December 11, 2012 By Mark Coxon
The definition of automation in commercial integration seems to vary. Discussions about automation have covered everything from smart buildings to sports bars. The functions of those systems will vary widely based on the needs of the facility and the amount of control and visibility will vary from each device to everything in the building.
The one thing that will remain constant across all verticals and systems, however, is the importance of the UX (user experience). Use the UX graphic below to guide you through four things to remember when designing the UX for your next automation system:
“The audience didn’t come to see you; they came to see what you can do for them.” - Nancy Duarte, Author of “Resonate”
It may sound cliché, but know your audience. Everything in the UX is supposed to be meaningful and pleasurable. The only way to assure that is to observe the client’s business, talk to the users of the system and take good notes. Ask questions about previous experiences with technology and find ways to ease those pain points.
“Your scientists were so preoccupied with whether or not they could, they didn’t stop to think if they should.” – Dr. Ian Malcolm, Jurassic Park
Don’t think first and foremost about what you can do. Only build in features that you know the client will use. If you know the audience, you can decide what features are necessary and which ones can be eliminated. The UX is not a demonstration of your programming prowess, but on the other hand if done correctly it can be a great example of how well your company listens. Ignore this rule and you may just find yourself running through a jungle while holding a road flare with a T-rex behind you.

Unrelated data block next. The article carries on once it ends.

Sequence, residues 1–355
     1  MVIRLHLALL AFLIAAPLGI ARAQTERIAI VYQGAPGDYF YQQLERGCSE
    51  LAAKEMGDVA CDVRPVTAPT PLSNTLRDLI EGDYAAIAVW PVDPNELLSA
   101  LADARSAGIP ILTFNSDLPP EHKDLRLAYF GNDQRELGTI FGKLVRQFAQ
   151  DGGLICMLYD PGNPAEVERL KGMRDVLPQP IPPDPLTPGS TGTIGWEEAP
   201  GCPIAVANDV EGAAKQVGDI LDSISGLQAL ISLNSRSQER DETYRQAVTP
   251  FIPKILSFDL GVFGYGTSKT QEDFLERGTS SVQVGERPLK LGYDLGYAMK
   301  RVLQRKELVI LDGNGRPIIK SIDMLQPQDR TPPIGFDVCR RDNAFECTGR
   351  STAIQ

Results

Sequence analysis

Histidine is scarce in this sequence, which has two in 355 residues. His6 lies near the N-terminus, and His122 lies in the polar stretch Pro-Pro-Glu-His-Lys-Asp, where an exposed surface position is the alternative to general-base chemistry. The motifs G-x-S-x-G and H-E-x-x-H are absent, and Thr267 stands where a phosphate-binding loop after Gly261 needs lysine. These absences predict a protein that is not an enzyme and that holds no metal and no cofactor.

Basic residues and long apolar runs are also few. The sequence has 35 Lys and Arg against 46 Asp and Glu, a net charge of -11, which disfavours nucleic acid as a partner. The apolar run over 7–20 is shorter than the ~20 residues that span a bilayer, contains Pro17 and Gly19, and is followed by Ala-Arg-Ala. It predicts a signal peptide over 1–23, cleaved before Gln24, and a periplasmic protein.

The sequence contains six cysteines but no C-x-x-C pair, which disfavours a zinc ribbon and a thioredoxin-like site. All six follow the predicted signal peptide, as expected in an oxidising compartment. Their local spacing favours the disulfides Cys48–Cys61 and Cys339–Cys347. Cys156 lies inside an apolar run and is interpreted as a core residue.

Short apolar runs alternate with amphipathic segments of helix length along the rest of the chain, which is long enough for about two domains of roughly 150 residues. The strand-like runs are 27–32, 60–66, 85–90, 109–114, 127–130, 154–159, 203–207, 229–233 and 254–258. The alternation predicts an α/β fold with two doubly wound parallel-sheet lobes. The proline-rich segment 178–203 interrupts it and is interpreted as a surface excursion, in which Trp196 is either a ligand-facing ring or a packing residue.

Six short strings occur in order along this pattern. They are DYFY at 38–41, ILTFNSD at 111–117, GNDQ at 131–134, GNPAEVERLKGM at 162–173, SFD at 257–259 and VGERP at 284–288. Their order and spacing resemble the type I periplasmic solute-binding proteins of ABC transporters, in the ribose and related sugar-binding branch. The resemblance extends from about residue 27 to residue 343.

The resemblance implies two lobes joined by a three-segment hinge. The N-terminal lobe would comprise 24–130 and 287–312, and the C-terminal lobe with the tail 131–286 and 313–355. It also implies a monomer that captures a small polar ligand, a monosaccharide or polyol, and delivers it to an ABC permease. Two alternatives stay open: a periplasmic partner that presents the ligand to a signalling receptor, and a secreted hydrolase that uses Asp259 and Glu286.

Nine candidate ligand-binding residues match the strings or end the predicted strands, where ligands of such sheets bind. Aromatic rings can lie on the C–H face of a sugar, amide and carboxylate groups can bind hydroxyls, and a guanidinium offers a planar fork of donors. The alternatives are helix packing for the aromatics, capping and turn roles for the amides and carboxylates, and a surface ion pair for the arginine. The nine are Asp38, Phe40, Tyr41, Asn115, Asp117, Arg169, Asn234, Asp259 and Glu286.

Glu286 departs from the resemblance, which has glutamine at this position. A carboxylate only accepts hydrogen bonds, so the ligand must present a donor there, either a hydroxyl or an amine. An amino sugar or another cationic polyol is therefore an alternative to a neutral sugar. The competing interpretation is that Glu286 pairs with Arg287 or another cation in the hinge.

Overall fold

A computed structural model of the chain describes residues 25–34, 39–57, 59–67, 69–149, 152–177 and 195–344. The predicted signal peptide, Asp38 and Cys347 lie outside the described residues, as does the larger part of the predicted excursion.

Four things to remember when designing UX for automation systems. Click image to enlarge.
“What’s with all these [flipping] pages?!?!” – Me (while reading Crime and Punishment)
Convenience is a value at the core of the UX Pyramid. Talk to any web designer and they’ll tell you that a customer needs to get to anything relevant within three clicks of the mouse or you lose them. You should be able to get to any feature in the UX within three button presses with only very rare exceptions. In other words, eliminate excessive page flipping.
“We often get in quicker by the back door than by the front.” – Napoleon Bonaparte
Don’t confuse the UX with your service portal needs. As a programmer, you may need access to the color space settings on the eight-channel, SMPTE-clocked, solid-state video server you installed, but I can guarantee you the client never will. Create a separate set of features that allow you access from the back door, while creating a nice Disney Main Street-esque façade for the user facing portion.
At the end of the day, many of our businesses rely on customers that come back time and time again, as well as their ability to refer us to others. Creating a user experience that goes beyond functionality, reliability and usability will go a long way toward creating that faithful and evangelical customer that will ultimately grow your business.